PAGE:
1 Answer | Add Yours
I think that anytime a teacher needs to speak with a parent about something that has a sense of gravity to it, the conversation needs to be approached with a sense of care and cation. If a teacher is explaining to a parent that their child has a special need, it might be wise to not open with the classification of "learning disability." To begin with such a term in such an emotionally charged setting helps to put the parents on the defensive and gets them to focus on a particular term as opposed to the plan of action to assist their child's learning. Instead of a proactive discussion, employing the term "learning disability" gets parents to hang their hat on a term or trigger "fight or flight" tendencies. This does not help the discussion.
There should be more than the teacher present. If a child has been tested by another professional, that professional should be present to help the parents understand why the classification is being made. There should be documentation that the parents understand reflect something more than a "whim" has been noted in the child's learning patterns. The teacher should explain what the condition is in the child and also be able to fully address how this will not limit the child's capacity to learn. I think that in such a discussion, parents want to be encouraged that while there is an initial shock to what is happening, there is no cause for alarm or panic. Parents should be given time to speak, in which the teacher becomes more of an active listener who understands and empathizes with the parents. These steps can help parents in a discussion that a teacher leads about a significant change in their conception of how their child learns best.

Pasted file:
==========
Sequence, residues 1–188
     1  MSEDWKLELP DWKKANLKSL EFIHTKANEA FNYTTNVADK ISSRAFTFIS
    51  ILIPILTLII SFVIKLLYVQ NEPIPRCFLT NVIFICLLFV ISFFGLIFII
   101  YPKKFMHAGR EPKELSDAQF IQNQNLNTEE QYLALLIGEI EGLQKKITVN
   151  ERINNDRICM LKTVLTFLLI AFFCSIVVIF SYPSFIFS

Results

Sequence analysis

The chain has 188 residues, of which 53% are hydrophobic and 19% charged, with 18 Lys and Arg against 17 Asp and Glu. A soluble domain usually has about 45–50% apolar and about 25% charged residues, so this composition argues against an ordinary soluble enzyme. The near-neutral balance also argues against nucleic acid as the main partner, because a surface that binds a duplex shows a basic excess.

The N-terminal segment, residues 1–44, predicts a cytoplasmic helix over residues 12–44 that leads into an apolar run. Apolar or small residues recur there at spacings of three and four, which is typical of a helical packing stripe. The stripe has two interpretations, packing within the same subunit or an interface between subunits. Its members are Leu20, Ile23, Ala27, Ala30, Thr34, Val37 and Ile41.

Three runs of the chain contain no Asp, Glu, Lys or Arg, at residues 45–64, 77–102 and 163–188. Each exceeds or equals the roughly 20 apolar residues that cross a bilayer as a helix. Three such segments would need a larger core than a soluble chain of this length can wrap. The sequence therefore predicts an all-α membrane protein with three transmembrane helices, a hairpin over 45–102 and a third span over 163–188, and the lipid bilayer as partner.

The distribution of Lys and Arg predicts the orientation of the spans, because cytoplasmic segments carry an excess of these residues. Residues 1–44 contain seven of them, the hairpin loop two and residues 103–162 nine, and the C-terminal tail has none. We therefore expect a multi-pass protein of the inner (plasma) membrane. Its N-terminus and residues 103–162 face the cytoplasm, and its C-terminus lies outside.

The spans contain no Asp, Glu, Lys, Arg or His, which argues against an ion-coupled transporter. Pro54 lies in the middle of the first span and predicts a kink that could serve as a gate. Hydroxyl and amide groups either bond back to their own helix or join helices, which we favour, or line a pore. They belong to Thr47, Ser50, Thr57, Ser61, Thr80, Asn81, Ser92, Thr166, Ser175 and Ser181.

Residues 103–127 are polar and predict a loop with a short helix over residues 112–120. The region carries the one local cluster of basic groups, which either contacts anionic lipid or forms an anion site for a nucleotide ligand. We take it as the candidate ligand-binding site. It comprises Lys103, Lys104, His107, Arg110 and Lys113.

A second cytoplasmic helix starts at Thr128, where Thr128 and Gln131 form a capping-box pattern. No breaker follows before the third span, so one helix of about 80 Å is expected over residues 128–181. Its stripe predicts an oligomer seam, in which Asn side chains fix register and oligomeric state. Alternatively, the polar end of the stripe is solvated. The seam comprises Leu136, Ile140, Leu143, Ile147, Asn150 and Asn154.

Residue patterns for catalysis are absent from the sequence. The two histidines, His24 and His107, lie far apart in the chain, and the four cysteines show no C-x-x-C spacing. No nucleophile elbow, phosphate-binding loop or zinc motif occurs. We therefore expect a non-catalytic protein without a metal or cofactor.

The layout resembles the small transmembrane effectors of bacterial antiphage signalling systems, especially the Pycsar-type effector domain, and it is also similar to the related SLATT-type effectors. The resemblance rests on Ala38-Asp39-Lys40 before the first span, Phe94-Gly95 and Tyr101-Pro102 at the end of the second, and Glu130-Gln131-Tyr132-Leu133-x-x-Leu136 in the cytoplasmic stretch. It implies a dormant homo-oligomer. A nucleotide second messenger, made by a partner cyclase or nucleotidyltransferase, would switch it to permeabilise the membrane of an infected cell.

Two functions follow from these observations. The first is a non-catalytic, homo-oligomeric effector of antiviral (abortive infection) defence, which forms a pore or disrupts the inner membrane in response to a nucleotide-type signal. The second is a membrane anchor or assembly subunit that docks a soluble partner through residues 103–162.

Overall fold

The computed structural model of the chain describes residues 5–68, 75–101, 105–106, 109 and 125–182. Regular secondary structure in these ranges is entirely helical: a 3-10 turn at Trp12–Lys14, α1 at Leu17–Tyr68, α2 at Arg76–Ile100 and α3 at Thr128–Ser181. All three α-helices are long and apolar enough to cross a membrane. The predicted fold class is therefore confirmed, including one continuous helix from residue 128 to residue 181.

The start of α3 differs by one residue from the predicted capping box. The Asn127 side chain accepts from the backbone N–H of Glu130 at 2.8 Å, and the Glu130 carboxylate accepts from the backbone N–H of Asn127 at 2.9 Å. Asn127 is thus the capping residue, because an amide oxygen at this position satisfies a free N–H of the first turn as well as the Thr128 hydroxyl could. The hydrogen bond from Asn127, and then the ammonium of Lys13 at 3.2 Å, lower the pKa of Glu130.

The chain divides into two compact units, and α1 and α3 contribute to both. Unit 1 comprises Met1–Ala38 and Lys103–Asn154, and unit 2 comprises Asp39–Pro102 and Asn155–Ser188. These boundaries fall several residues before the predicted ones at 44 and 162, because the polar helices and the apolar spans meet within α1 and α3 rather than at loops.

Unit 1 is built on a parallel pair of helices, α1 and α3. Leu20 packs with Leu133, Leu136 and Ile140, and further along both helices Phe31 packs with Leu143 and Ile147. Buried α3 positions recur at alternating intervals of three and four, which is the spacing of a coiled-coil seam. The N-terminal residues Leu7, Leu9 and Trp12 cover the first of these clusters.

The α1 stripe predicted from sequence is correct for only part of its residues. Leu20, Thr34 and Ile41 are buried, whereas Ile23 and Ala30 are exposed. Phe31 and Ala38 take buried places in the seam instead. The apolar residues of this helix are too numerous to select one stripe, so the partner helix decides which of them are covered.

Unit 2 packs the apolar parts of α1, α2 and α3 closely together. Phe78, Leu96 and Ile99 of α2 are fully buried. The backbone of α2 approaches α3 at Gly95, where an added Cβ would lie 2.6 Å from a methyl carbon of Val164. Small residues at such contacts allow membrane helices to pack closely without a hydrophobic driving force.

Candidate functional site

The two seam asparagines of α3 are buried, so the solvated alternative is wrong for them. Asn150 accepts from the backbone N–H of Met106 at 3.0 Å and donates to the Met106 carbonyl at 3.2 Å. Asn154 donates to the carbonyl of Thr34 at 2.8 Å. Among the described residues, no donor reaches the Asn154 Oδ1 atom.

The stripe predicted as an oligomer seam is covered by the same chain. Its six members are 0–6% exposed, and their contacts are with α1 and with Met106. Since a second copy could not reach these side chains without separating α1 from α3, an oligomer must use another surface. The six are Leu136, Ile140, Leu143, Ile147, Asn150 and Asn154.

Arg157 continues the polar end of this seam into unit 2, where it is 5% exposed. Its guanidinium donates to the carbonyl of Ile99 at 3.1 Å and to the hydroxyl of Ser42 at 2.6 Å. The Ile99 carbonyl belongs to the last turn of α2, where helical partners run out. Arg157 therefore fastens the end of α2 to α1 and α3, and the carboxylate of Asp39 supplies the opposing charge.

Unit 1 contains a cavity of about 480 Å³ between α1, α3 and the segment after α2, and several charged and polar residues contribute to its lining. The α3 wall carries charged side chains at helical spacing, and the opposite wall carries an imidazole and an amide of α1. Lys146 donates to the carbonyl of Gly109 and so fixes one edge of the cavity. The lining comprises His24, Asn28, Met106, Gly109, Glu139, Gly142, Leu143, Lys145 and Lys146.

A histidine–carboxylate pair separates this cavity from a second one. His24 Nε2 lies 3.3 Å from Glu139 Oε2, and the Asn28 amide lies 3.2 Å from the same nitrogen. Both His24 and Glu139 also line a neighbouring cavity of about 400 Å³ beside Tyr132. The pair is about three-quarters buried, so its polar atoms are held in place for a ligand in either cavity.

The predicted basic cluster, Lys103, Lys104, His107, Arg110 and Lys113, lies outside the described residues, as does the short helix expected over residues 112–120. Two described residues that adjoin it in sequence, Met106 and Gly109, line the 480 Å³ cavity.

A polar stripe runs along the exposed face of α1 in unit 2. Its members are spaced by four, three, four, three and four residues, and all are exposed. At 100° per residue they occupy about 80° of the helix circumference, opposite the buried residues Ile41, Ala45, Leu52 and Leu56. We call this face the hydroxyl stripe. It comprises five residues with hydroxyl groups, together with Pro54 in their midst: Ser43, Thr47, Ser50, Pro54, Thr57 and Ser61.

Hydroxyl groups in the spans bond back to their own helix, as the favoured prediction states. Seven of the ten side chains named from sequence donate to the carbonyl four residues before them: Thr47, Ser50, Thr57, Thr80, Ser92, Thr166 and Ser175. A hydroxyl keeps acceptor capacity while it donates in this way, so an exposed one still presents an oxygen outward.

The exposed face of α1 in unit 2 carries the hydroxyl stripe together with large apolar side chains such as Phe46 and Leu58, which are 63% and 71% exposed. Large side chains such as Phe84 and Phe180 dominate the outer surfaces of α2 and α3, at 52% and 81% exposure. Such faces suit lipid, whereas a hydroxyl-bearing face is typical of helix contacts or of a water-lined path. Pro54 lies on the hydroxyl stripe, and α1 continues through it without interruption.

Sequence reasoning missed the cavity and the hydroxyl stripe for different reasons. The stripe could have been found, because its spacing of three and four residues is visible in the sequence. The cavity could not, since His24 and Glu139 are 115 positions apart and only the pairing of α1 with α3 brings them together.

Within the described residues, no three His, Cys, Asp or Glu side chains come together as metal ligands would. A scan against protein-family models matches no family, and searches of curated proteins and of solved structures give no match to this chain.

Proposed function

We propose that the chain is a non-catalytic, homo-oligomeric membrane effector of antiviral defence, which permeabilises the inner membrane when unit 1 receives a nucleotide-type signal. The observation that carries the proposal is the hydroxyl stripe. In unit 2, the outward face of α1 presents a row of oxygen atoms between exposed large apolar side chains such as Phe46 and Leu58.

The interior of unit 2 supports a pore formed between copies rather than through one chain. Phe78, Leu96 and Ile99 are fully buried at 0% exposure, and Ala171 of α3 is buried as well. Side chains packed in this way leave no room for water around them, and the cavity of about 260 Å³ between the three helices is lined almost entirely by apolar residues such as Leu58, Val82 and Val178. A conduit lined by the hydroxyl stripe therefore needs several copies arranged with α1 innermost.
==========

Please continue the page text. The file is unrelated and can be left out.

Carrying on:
We’ve answered 328,106 questions. We can answer yours, too.Ask a question